Biometric technology holds a key to security
Before September 11, biometrics was just one of the hundreds of new high-tech buzzwords flooding into the English language, and one that was meaningless to most people in the aviation industry. But experts say that over the next 12 months, few of us will not have experienced, and benefited from, its effects.
Put simply, biometrics technology allows the virtually instant and positive recognition of anyone from just one of their physical characteristics, such as their fingerprints, eyes, voice, facial features and even their gait. These characteristics are essentially unique to each of us, and thereby lend themselves to advanced computer “pattern recognition” techniques.
But what’s so new about checking fingerprints? What’s new is that while accurately matching traditional fingerprint comparisons can take hours, even days, biometrics makes almost instantaneous matches. One of the early aviation applications of biometrics is expected to be in ramp access control.
In this application, individuals authorized to be on the airport ramp will insert a personalized “smart card,” pre-coded with their fingerprint’s 50 unique characteristics, into a card reader beside any of the ramp access doors and then place their fingertip on the unit’s one-inch scanning screen. No ink is required. If the two data sets match, the door unlocks. Attempts to use a stolen or borrowed card are rejected, with a silent alert going instantly to security and the characteristics of the “illegal” fingerprint recorded by the system for later positive identification of the intruder.
The alerting system will likely also immediately trigger a video camera similar to those used in ATM machines, except that its recorded images will also pass through a software program that measures up to 250 points of the user’s facial geometry–for example, eye socket curvature; the relative spacing of cheekbone, chin, nose and ears; and skull shape, all of which are essentially unalterable and none of which can easily be disguised. (A long-haired, bearded individual whose stored mug shot shows a clean-shaven, crew-cut person will be immediately matched.)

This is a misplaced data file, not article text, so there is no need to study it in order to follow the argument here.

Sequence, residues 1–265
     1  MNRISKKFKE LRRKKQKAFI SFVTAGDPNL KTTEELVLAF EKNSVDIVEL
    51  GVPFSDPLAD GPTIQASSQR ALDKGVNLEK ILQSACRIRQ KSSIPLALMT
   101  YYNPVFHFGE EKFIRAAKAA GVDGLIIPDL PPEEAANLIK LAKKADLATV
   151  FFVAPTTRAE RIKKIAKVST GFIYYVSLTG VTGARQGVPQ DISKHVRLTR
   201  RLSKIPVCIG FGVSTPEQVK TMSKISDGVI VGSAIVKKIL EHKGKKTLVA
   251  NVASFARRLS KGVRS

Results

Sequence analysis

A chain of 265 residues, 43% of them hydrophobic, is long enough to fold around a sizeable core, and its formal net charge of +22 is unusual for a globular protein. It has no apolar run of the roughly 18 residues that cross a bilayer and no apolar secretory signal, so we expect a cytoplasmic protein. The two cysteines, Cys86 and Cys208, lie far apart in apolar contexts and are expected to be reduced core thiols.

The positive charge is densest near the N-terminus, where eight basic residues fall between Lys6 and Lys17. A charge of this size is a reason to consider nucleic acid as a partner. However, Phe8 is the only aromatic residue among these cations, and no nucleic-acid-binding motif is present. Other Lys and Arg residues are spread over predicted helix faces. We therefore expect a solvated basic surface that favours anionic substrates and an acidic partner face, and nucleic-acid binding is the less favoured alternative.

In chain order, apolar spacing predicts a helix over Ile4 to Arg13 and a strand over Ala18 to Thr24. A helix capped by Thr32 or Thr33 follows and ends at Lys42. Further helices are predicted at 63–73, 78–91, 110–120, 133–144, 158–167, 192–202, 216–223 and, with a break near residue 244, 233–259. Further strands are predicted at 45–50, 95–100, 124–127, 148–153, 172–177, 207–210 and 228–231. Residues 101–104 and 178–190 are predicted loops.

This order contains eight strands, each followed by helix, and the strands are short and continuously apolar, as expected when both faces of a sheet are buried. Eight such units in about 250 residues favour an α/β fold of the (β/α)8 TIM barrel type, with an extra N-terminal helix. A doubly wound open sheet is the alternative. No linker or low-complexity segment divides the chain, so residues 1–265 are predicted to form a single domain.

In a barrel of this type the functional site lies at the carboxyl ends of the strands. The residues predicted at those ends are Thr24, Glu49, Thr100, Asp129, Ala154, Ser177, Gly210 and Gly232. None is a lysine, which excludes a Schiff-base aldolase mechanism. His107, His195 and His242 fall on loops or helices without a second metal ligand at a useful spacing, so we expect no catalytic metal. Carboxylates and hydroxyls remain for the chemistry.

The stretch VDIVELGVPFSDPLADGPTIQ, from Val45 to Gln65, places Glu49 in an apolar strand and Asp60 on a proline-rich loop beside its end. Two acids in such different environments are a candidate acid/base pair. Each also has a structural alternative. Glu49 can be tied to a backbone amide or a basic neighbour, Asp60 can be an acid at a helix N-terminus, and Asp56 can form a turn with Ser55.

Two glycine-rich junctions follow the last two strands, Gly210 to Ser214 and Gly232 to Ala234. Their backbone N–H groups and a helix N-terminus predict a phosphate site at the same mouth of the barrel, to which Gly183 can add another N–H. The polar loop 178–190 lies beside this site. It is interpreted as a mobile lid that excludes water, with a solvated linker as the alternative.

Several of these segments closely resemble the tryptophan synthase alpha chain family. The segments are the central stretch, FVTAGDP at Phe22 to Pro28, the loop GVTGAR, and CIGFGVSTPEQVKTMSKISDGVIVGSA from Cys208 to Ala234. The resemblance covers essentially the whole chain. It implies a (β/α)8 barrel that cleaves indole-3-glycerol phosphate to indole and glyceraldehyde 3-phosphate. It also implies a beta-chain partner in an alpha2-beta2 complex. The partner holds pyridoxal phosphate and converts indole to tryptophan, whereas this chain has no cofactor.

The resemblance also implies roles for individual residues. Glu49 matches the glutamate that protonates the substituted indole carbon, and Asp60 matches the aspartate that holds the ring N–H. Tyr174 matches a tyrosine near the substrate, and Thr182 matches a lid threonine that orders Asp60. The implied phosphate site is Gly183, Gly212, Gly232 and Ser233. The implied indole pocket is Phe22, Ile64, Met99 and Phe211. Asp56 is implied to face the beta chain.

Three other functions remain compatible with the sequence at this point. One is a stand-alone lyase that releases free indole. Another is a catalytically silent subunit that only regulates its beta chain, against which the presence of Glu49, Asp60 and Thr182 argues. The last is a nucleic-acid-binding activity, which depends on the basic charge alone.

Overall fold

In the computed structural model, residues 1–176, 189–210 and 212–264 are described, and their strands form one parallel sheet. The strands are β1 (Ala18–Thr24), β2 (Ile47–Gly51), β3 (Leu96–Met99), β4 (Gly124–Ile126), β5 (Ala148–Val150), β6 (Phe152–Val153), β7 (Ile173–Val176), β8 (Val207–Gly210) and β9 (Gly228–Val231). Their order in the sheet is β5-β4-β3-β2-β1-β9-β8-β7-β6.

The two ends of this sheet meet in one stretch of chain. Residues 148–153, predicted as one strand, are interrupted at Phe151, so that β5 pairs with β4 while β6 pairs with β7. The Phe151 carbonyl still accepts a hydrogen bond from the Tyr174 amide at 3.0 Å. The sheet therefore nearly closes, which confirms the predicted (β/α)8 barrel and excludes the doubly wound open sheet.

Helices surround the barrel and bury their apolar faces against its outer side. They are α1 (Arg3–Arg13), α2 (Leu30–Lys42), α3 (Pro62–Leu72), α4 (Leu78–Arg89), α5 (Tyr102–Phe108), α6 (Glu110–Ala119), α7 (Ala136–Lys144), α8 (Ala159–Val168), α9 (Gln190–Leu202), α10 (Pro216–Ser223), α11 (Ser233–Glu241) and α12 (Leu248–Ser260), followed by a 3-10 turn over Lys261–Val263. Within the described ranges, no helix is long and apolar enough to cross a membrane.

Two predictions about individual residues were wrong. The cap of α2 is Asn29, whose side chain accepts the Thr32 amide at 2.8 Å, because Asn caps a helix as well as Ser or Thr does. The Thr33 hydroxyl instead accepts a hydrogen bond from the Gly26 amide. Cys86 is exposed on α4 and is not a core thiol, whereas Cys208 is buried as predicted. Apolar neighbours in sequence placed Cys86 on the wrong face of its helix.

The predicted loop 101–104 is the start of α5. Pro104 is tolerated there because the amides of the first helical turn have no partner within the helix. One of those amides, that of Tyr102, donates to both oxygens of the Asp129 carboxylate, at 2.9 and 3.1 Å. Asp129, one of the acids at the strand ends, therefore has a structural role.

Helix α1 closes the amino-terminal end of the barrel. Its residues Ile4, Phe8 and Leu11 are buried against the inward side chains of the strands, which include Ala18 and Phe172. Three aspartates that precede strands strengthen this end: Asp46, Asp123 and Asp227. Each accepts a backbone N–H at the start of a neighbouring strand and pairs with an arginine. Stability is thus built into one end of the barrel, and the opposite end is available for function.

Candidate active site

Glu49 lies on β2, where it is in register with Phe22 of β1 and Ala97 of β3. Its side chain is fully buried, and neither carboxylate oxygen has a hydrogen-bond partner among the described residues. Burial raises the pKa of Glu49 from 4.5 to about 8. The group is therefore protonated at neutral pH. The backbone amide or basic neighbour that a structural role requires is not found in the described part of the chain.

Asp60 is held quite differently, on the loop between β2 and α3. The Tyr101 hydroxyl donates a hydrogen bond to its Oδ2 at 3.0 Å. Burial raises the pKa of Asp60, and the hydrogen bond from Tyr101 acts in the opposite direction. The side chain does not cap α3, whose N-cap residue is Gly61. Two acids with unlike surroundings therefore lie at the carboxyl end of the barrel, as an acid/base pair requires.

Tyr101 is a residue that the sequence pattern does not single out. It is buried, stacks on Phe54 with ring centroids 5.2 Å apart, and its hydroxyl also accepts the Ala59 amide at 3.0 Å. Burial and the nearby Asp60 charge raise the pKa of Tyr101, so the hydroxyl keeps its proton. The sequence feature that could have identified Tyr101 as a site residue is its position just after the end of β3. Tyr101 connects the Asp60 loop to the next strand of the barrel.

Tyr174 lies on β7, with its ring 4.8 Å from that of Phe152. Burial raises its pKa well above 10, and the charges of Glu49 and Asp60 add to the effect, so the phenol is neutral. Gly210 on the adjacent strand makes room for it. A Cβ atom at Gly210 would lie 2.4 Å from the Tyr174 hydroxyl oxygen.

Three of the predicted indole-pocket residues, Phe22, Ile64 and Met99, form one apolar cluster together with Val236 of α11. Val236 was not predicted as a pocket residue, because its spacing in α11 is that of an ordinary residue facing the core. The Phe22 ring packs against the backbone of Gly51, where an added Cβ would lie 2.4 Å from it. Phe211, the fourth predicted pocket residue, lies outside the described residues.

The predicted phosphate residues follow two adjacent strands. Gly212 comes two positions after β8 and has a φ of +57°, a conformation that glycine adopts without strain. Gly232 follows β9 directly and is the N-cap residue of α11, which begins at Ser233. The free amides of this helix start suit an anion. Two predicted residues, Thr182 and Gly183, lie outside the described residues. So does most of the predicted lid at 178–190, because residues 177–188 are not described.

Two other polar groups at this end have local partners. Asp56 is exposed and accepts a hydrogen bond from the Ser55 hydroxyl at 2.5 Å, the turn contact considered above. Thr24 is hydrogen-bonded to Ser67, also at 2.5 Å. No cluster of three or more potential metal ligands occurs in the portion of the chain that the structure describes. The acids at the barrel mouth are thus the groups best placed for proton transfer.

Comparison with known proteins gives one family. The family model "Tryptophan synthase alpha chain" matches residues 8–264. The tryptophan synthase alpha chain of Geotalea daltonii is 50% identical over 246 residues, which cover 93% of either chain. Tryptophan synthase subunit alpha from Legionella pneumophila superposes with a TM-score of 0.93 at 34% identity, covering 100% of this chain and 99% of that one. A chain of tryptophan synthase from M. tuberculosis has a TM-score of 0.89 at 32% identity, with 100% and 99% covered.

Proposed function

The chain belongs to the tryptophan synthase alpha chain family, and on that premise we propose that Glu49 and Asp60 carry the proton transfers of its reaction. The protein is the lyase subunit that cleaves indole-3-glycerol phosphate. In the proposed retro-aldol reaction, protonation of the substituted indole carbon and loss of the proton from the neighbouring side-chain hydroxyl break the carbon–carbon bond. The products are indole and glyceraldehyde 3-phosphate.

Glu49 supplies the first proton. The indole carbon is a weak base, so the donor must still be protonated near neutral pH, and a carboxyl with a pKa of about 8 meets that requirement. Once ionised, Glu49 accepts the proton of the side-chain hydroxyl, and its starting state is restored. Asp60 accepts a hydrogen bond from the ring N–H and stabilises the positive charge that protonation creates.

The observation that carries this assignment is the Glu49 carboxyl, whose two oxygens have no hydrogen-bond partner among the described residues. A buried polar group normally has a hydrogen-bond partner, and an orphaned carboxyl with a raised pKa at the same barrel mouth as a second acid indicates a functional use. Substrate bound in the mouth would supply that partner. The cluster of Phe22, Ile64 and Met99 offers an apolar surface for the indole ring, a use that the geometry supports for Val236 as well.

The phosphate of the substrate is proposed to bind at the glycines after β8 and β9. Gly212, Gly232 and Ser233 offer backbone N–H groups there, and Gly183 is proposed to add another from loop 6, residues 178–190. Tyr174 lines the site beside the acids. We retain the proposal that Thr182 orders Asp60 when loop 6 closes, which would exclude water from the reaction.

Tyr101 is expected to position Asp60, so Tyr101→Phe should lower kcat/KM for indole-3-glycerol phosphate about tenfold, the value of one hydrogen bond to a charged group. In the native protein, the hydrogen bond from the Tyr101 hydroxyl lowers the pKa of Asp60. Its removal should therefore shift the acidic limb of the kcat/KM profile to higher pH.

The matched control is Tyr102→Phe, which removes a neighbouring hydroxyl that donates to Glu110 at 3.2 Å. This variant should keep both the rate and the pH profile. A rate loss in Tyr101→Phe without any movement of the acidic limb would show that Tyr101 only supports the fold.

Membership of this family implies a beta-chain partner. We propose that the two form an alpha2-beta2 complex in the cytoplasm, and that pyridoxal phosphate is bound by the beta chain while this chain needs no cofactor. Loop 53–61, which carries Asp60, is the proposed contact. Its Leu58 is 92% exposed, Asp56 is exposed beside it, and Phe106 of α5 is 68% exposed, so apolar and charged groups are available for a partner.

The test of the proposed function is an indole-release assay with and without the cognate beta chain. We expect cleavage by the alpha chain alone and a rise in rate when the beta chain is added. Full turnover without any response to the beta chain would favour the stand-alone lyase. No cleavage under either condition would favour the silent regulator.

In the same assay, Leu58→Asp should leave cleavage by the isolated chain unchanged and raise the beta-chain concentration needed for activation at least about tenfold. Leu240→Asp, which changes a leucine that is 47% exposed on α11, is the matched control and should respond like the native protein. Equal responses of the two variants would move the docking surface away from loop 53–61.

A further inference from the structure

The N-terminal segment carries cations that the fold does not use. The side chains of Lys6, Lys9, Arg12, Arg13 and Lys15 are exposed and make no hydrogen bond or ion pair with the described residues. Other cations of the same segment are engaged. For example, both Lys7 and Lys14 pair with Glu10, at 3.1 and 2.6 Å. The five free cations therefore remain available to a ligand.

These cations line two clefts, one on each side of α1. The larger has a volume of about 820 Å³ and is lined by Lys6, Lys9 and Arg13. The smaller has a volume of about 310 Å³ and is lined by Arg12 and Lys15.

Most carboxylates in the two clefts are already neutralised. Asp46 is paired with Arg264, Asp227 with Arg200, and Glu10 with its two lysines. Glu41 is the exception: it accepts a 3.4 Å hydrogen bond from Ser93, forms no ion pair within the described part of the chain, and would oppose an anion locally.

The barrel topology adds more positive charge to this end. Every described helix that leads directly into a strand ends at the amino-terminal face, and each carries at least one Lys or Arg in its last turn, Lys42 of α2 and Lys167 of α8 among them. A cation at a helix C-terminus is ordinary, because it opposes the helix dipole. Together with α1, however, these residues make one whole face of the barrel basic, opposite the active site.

The system can compare new pictures to national and international “face print” databases, at a claimed rate of more than a million per second. In mass production, the camera chips, capable of producing “magazine quality” photographs for instant display at security exit control points, are forecast to cost less than $20.
Already in use by law-enforcement agencies in the U.S. and by Canada’s Mounted Police, face-print technology has also been adopted by casinos in Las Vegas and elsewhere to identify cheats and other undesirables. The advantage of facial matching is that it is totally passive, requiring no initiation by those being scanned.
Predictably, this has resulted in protests from civil rights groups, but a landmark court decision in San Diego in August ruled that people in public spaces have no reasonable expectation of privacy, and therefore taking their pictures is not unconstitutional.
Many security experts believe that eye recognition could eventually replace fingerprints as the major biometric technology for airport staff and airline passenger monitoring and control. These systems measure up to 200 characteristics of either the eye’s retina or its iris, with proponents claiming that only DNA matching is more accurate.
AIN tested an iris-scanning system at a recent airport conference. We first logged in by looking directly into an encoding device for around 10 sec from a distance of about 18 in. Then, moving to a nearby interrogating device and looking at its screen caused it, almost instantaneously, to print out a boarding pass with the correct name, flight number, gate and departure time.
In initial operational use, the encoders would be built into automated ticket machines and initiated with a personal smart card–or a coded frequent traveler card–with interrogators positioned at other locations, including the boarding gate. To check this application, we returned to the interrogator an hour later and were given instant approval to proceed, but the unit, correctly, did not print a second boarding pass.
Interestingly, the eye-recognition concept was developed under airline and airport sponsorship well before the New York and Washington terrorist attacks, and was aimed at speeding passenger handling and throughput in crowded terminals. A test system installed at the Charlotte/Douglas (N.C.) Airport in May last year is said to have processed nearly 500,000 passengers and personnel “flawlessly” since that time, although security was a relatively minor project consideration.
Since September 11, however, the security potential of biometric systems has become their major future benefit to aviation.